< Earlier Kibitzing · PAGE 104 OF 104 ·
|Jul-23-13|| ||nescio: <The Rocket> <SimonWebbsTiger> Rashid Gibiatovich Nezhmetdinov|
|Jul-23-13|| ||The Rocket: Yes, that's the guy--
Nezhmetdinov vs O Chernikov, 1962
|Jul-23-13|| ||keypusher: <The Rocket: Why was Tal not subjected to a "Bronsteinian like treatment", when about to win the world-championships against Botvinnik?>|
Same reason Smyslov wasn't: <Bronsteinian-like treatment> was probably a figment of Bronstein's imagination.
|Jul-23-13|| ||The Rocket: <keypusher: > Why do you always insist on defending the russians? |
<"Bronstein, in his last book, Secret Notes, published in 2007 just after his death the previous year, confirmed long-standing rumours by writing that the nine Soviet grandmasters (out of a field of 15 players) at Zurich were under orders from both their chess leadership and the KGB to not let Reshevsky win the tournament under any circumstances, with Smyslov being the preferred victor.">
|Jul-23-13|| ||The Rocket: <"Same reason Smyslov wasn't">|
Smyslov was russian ;rolleyes*.
|Jul-23-13|| ||ughaibu: yyyaaaaawwwwnnnnn!!|
|Jul-23-13|| ||BUNA: <The Rocket: <keypusher: > Why do you always insist on defending the russians?|
<"Bronstein, in his last book, Secret Notes, published in 2007 just after his death the previous year, confirmed long-standing rumours by writing that the nine Soviet grandmasters (out of a field of 15 players) at Zurich were under orders from both their chess leadership and the KGB to not let Reshevsky win the tournament under any circumstances, with Smyslov being the preferred victor.">>
Apparently the KGB forgot to tell Kotov about their choosen challenger. He dared to win against Smyslov in round 21, helping Reschevsky to catch up.
(Smyslov and Reschevsky shared the lead after round 21 with 12.5 points.)
Kotov vs Smyslov, 1953
|Jul-23-13|| ||keypusher: <The Rocket: <"Same reason Smyslov wasn't">|
Smyslov was russian ;rolleyes*.>
And Botvinnik was a Jew. Hey, you're the one who can't understand how Tal was <allowed> to win the title. How about Botvinnik getting pushed off the 1952 Olympic team by Smyslov, Keres, and Bronstein?
<The Rocket: <keypusher: > Why do you always insist on defending the russians?>
Because it's fun to twit the kibitzers who swallow everything Bronstein says.
|Jul-23-13|| ||perfidious: <keypusher>: More fun yet to ignore some of the 'knowledgeable' posters such as <Rocket>-y'know, the player who proclaims himself GM strength, yet wastes time here amidst the unwashed masses.|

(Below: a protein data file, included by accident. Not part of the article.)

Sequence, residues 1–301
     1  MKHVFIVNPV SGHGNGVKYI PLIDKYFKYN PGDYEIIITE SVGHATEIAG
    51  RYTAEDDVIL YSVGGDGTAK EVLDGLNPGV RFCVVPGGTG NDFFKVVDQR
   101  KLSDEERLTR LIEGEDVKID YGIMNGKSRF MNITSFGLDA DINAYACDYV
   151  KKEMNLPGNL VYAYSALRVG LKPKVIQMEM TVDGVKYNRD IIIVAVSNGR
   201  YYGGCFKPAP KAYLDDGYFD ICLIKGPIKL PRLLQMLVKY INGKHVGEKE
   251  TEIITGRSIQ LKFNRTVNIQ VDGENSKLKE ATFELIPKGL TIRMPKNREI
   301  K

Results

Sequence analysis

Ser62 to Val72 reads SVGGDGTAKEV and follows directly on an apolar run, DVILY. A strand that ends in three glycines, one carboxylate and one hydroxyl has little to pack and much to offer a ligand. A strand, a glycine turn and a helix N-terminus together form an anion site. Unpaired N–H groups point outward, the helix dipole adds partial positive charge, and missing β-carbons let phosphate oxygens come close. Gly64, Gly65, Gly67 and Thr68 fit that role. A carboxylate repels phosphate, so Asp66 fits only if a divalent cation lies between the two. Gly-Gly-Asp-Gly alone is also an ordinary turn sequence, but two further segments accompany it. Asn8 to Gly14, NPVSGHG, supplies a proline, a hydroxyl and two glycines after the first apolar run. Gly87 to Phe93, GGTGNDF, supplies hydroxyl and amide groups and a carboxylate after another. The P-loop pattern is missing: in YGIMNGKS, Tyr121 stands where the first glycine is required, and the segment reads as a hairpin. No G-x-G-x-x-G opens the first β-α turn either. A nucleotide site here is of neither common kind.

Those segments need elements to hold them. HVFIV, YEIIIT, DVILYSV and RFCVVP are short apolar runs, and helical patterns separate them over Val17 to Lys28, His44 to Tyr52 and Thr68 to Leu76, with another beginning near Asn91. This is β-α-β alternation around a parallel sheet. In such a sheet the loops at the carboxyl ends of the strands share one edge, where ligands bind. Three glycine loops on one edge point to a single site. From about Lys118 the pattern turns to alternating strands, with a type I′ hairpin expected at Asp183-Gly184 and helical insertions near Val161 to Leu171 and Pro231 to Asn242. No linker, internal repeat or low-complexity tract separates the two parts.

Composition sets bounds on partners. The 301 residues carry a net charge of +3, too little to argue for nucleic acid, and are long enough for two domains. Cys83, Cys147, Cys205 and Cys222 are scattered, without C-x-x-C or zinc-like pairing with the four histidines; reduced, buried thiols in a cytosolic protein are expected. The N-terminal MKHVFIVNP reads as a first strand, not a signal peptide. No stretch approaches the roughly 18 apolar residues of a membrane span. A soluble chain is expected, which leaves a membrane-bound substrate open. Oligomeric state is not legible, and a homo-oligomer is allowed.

|Aug-28-13|| ||Poisonpawns: july1972-april 1973 90 games without loss and Oct1973-oct1974 95 games without loss. The one loss in the gap was to IM Rukavina|
|Aug-28-13|| ||perfidious: <Poisonpawns>: If your kibitz is meant to imply-or state outright-that Tal lost only the one game to Rukavina, not so.|
There were six losses by Tal at Leningrad Interzonal (1973), of which J Rukavina vs Tal, 1973 was merely the last.
|Oct-15-13|| ||PawnJockey: Tal is not dead!
He sacrificed his life to create an attack.
|Oct-16-13|| ||visayanbraindoctor: Game Collection: Tal vs the World Champions Decisive Games|
|Nov-08-13|| ||drnooo: my hunch here is that the soviet
paranoia did not extend to Jews
particularly, that was Bobby's specialty de la maisson
however Bronstein had to be worried about
the fate of his father
just as Korchnoi was about the fate of
his family there is after all such a
thing as fear compounded by ambivalence
something that Fischer likely was hounded and wounded by AFTER winning the title
chess is a very emotional game
except unless played by
Tal he seemed particularly worry free
|Nov-09-13|| ||ketchuplover: happy birthday herr tal|
|Nov-09-13|| ||gars: <Gryz>: I think you refer to "Schachtraining mit Exweltmeister Tal", by Alexander Koblenc (Koblenz or Koblentz, sometimes), published in 1978 by Walter Rau Verlag, Düsseldorf. This book was translated into English by Mike Price and published by B. T. Batsford. This translation was edited by John Littlewood, who added many diagrams to the German version. However, the copy I own has forty games, instead of twenty.|
|Nov-09-13|| ||Kikoman: <Player of the Day>|
R.I.P. GM Mikhail Tal.
|Nov-09-13|| ||gars: <Lysem and Malacha> (both quoted on page 2): please contact me: firstname.lastname@example.org|
|Nov-09-13|| ||lost in space: R.I.P. GM Tal. One of my all time favorites.|
|Nov-09-13|| ||Penguincw: R.I.P. World Chess Champion: Mikhail Tal.|
|Nov-09-13|| ||JustAnotherPatzer: After Gazza, my all-time favourite player, one of a kind.|
|Nov-27-13|| ||Sho: Help, please. Looking for games where Tal's opponent averted the traps. Thanks|
|Nov-27-13|| ||talisman: <Sho> you won't find any from 57-60, but you might want to start with the 61 match. 1st sign of cracks being in the armor.|
|Nov-27-13|| ||perfidious: <sho>: Two very difficult opponents for Tal were Korchnoi and Polugaevsky, in large part because they had the same facility as Tal for calculating long, complex variations, thus negating his superiority to most other top-class players in that respect.|
Review Tal's games with these redoubtable players and I suspect you will find what you seek.
|Dec-02-13|| ||tzar: so far 104 pages of comments...not enough imho to praise conveniently the magic of this genius.|
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